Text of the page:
Review Summary: They've still got it, folks
If a (completely hypothetical) list of the best bands in heavy music for the 21st century so far was made, I’d argue strongly that Downfall of Gaia deserve a place in the discussion. For one thing, the German collective’s discography (comprising five full-lengths before this latest addition) has been remarkably consistent, with every single record at least approaching excellence. And, perhaps most importantly, they’ve hit the jackpot and crafted genuine masterpieces twice, not only with the gloomy and engrossing journey that was 2012’s Suffocating In A Swarm Of Cranes
but also with 2019’s Ethic Of Radical Finitude
, one of the best fusions to ever emerge between post-rock and black metal. This whole paragraph is a long-winded way of saying that Downfall of Gaia have been a great
band for a while.
Well, now it’s been four years since the release of the latter of the group’s aforementioned twin peaks, and here comes the arrival of Downfall of Gaia’s sixth LP. While veteran groups go four years between records with some regularity, it still feels like this gap is worthy of note. A lot has changed in the world in those four years, and sometimes even the best bands just lose that special sauce which made them remarkable somewhere in the intervening period. In this case, though, there’s nothing to fear - while Silhouettes Of Disgust
marks a shift in style and vibe for Downfall of Gaia, it’s a worthy release which, indeed, ranks among the band’s finest material.
The album’s promotional materials note that each of the eight songs included focus on a particular individual, all “residents of a fictional metropolis, each with their own worries and struggles”. This lays out an urban atmosphere rich with bleak and misanthropic undertones: a setting in which each character is facing their personal demons alone within a sea of other humans who they mostly seek to avoid, a storyline particularly resonant in the wake of a global pandemic. While I tend to discount concept albums in the metal sphere, given that the often unintelligible lyrics prove a large hurdle to overcome, a general sense of these intentions does come through in these songs: there’s a feeling of griminess tinged with decadence tinged with a hint of film noir, somewhat similar to the feel created by Imperial Triumphant, even if you’ll be immensely disappointed if you jump into this album expecting anything like the avant-garde ramblings of that band.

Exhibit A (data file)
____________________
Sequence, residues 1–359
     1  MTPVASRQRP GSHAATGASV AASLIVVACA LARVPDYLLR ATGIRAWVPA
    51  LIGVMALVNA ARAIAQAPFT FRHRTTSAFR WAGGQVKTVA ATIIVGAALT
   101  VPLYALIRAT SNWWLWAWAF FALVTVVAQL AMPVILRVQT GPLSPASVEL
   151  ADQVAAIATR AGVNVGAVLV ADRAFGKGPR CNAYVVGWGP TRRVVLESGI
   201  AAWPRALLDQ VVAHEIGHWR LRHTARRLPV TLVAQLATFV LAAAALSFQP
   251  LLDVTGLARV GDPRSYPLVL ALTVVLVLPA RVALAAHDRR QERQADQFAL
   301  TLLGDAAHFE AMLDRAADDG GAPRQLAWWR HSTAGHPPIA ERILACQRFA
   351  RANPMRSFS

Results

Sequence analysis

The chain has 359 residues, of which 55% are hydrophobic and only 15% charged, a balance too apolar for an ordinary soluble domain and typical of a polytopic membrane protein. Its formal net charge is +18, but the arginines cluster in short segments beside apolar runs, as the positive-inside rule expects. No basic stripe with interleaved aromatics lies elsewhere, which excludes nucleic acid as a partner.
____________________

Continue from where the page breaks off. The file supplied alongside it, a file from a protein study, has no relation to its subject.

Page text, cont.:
Downfall of Gaia’s music has always been an amalgam of various genre traditions, brought together in compelling ways: black metal, crust punk, post-metal, post-rock, shoegaze, etc. The band’s trick has been to always alter that equation a touch between releases, thus showcasing a new facet of the band’s standard admixture. In this regard, Silhouettes Of Disgust
is no different. Advertised as somewhat of a return to roots, there’s a focus on shorter songs rather than the lengthy expositions which dominated Ethic Of Radical Finitude
. While this shift can be overstated (the average track length here is still over five minutes), this latest album is undoubtedly more song focused and pulls back a tinge on the dominance of post-rock aesthetics. While that genre still bears plenty of influence on the proceedings, most songs lean more towards the immediate, leaving behind fierce metal tunes with a punkish edge, often driven ahead by frantic drumming and anchored by ferocious screams which practically leap out of your listening device. Indeed, I’d argue that Silhouettes Of Disgust
is the band at their most readily accessible (ever), even if nothing here is remotely radio-friendly.
“Existence Of Awe” hits the spot as a jaw-dropping opener. Full of passionate intensity and revealed through crisp production, it serves prompt notice that Downfall of Gaia haven’t lost a step, but also illustrates that the album will be both heavy and in-your-face. Beyond those general statements, though, it’s hard to put this latest record’s tunes into any particular box. “While Bloodsprings Become Rivers”, for example, is the album’s longest track by a substantial margin, combining sweeping post-rock melodies with mammoth black metal influences before fading into a near-ambient last segment which leaves behind a residue of sinister grandeur. “Bodies As Driftwood”, meanwhile, carefully exercises restraint, leaving its aggression to play out behind a gazey veil. “Eyes To Burning Skies” is perhaps the album’s grandest composition, featuring an ominous intro accompanied by distant female vocals before twisting into an apocalyptic metal tune. The closer (and near title track) finishes up the collection with a tune which perfectly blends the group’s adoption of softer and heavier influences into a satisfying conclusion.
Within the scope of Downfall of Gaia’s discography, I’m confident that Silhouettes Of Disgust
will comfortably reside in the first tier, rivaling the band’s two previous standouts. For my money, it’s just a touch below both Suffocating In The Swarm Of Cranes
and Ethic Of Radical Finitude
, with those efforts functioning a bit more tightly as cohesive records. As a collection of wonderful tunes, though, the band’s latest is a massive success, and a reminder to a forgetful music-listening public that these Germans are still masters of their craft. Whether it’s a moment of delicate beauty, incandescent and unfettered rage, or perfect catharsis, Silhouettes Of Disgust
has a lot to offer. It’s one of the finest albums to grace my ears thus far this year.